A fascinating website shows exactly where bombs fell over Slough between 1940 and 1945. 

The project reveals exactly where and when the bombs fell, whether it was friendly fire, flying bombs or German air raids that led to it, and what was damaged. 

While many may think that being outside of London meant Slough was not affected by bombs, that was not the case.


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The records show there were deaths, unexploded bombs and damaged houses right here on Slough streets.  

We have picked out some of the incidents below, but you can view the full interactive map by clicking here. 

Junction of Buckingham Avenue & Farnham Road - Unexploded anti-aircraft shell removed. Occurred overnight on October 15-16, 1940.

Slough Trading Estate - Damage to factory and casualties. August 8, 1942. 

Cippenham Green - Homes damaged and casualties as a result of flying bombs. Occurred on August 23, 1944.

Langley Road and Ryvers Farm - Homes were damaged during an air raid on September 27, 1940.

Colnbrook Baptist Chapel - The Chapel's glass was broken during an air raid on August 13, 1944.

Francis Way, Cippenham - Anti-aircraft shells damaged homes on February 23, 1944.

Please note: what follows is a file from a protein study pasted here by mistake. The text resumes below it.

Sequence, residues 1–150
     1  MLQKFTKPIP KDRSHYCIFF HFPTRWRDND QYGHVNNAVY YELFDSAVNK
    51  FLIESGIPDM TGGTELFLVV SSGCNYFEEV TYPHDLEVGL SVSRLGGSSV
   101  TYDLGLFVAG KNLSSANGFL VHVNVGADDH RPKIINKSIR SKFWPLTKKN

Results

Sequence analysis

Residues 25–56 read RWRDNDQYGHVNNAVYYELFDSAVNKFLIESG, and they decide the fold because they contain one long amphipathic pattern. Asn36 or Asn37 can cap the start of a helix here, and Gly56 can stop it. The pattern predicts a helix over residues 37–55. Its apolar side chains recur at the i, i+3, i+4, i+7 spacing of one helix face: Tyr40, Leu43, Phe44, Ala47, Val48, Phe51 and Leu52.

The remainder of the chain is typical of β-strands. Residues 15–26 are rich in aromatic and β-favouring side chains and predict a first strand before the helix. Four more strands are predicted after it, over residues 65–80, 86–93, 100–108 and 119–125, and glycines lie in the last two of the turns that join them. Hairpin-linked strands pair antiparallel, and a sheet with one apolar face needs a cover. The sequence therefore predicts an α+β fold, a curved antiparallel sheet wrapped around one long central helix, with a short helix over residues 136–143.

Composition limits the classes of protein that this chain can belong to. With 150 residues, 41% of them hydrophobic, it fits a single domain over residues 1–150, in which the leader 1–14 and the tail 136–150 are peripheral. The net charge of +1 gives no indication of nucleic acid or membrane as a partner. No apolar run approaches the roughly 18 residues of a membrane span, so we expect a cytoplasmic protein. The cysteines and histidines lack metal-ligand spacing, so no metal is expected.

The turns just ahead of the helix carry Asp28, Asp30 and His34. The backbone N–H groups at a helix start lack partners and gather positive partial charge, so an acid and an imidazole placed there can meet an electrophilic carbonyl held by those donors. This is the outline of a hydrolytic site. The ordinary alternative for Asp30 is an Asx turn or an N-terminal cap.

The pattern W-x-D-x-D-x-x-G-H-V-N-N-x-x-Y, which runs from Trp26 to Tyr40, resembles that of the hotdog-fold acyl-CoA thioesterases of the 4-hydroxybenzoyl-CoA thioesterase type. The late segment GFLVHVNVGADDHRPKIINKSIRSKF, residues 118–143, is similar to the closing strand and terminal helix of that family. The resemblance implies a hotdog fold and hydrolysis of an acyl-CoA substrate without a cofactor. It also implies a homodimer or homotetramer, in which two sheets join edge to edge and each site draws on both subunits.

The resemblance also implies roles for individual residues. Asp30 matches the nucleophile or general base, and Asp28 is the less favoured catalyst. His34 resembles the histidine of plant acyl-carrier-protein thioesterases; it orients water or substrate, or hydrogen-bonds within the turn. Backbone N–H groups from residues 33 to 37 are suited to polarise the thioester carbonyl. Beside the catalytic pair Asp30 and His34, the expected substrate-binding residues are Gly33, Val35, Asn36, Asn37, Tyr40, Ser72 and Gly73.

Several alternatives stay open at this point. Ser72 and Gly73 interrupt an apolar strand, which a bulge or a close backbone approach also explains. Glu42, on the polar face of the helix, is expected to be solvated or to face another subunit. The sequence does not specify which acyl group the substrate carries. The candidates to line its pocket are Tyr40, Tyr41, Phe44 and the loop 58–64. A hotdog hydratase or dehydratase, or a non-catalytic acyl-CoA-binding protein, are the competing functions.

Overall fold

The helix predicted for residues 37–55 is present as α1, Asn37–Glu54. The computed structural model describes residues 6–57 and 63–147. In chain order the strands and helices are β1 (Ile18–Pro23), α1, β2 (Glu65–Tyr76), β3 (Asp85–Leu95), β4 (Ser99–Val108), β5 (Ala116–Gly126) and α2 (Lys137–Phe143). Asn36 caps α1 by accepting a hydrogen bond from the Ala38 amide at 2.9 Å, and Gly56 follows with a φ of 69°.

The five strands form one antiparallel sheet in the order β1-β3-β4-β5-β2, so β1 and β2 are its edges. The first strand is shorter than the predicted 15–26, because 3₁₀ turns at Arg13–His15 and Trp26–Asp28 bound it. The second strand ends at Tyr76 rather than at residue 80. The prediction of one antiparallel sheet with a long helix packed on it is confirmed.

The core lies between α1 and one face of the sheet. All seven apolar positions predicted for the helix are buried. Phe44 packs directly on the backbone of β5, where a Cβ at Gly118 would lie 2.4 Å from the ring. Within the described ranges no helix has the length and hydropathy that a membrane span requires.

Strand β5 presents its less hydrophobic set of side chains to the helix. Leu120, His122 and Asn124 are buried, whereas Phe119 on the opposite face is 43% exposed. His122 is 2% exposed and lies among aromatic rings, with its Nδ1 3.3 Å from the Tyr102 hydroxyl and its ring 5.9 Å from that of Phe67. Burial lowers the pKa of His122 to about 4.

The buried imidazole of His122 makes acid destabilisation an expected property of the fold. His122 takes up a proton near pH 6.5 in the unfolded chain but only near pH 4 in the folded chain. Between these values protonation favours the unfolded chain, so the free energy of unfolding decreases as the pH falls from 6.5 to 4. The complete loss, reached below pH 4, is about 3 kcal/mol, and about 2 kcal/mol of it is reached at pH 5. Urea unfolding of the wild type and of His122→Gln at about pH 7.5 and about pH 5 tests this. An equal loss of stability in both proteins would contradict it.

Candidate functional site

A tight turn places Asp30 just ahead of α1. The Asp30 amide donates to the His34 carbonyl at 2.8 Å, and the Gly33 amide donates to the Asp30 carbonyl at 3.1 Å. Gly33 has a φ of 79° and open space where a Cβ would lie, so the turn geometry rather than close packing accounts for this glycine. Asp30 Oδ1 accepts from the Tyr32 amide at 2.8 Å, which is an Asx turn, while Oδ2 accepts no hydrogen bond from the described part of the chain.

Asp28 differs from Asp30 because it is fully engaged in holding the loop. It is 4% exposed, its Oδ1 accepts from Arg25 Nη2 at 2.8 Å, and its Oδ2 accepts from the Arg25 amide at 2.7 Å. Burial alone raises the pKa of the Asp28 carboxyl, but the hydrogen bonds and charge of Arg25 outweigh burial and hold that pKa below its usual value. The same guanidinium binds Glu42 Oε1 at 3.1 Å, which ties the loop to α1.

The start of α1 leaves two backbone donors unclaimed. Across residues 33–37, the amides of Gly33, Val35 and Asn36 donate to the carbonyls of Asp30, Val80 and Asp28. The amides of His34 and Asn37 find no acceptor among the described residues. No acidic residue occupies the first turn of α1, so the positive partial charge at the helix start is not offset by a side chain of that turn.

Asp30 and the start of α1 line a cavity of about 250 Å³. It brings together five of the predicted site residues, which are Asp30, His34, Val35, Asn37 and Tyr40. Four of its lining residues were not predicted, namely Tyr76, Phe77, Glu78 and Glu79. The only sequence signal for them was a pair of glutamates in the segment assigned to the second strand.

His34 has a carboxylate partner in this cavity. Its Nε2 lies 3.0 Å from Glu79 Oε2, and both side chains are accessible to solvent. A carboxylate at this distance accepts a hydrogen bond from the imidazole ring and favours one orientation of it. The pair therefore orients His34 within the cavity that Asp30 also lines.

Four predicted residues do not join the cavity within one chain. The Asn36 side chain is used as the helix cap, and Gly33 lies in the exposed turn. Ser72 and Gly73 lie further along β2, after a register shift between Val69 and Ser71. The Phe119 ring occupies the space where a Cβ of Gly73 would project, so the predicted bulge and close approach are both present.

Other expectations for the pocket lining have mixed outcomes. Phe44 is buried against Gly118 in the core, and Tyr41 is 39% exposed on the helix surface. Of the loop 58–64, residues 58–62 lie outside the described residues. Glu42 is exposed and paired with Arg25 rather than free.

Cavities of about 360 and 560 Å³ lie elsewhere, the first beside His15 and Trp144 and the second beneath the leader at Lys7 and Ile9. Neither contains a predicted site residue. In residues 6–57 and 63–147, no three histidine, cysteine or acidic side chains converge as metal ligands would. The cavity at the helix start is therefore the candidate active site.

Dorney Sewage Beds - German air raids overnight on November 1-2, 1940 damaged cottages, windows and stables.

Stoke Poges Lane - Anti-aircraft shells damaged properties on August 25, 1942. This was a case of friendly fire.

Shaggy Calf Lane - Homes were damaged and a gas main was broken, leading to fires, on October 2, 1940.

Farnham Road - An unexploded bomb north of the power station was detonated between November 8-10, 1940. This caused damage to both houses and shops.

Willoughby Road, Langley - A balloon descended onto a house overnight on October 14-15, 1940.

Upton Lea - Casualties and injuries occurred and severe damage was caused to Upton Lea during a German air raid overnight on September 28, 1940.

Riding Court Farm - Livestock were killed and houses were damaged during an air raid on September 9, 1940.

Datchet Polo Ground - Minor damage to houses and shops close to the polo ground was caused during Blitz raids between October 26-28, 1940. 

Datchet Common - A water main was damaged during a raid overnight on September 30 - October 1, 1940.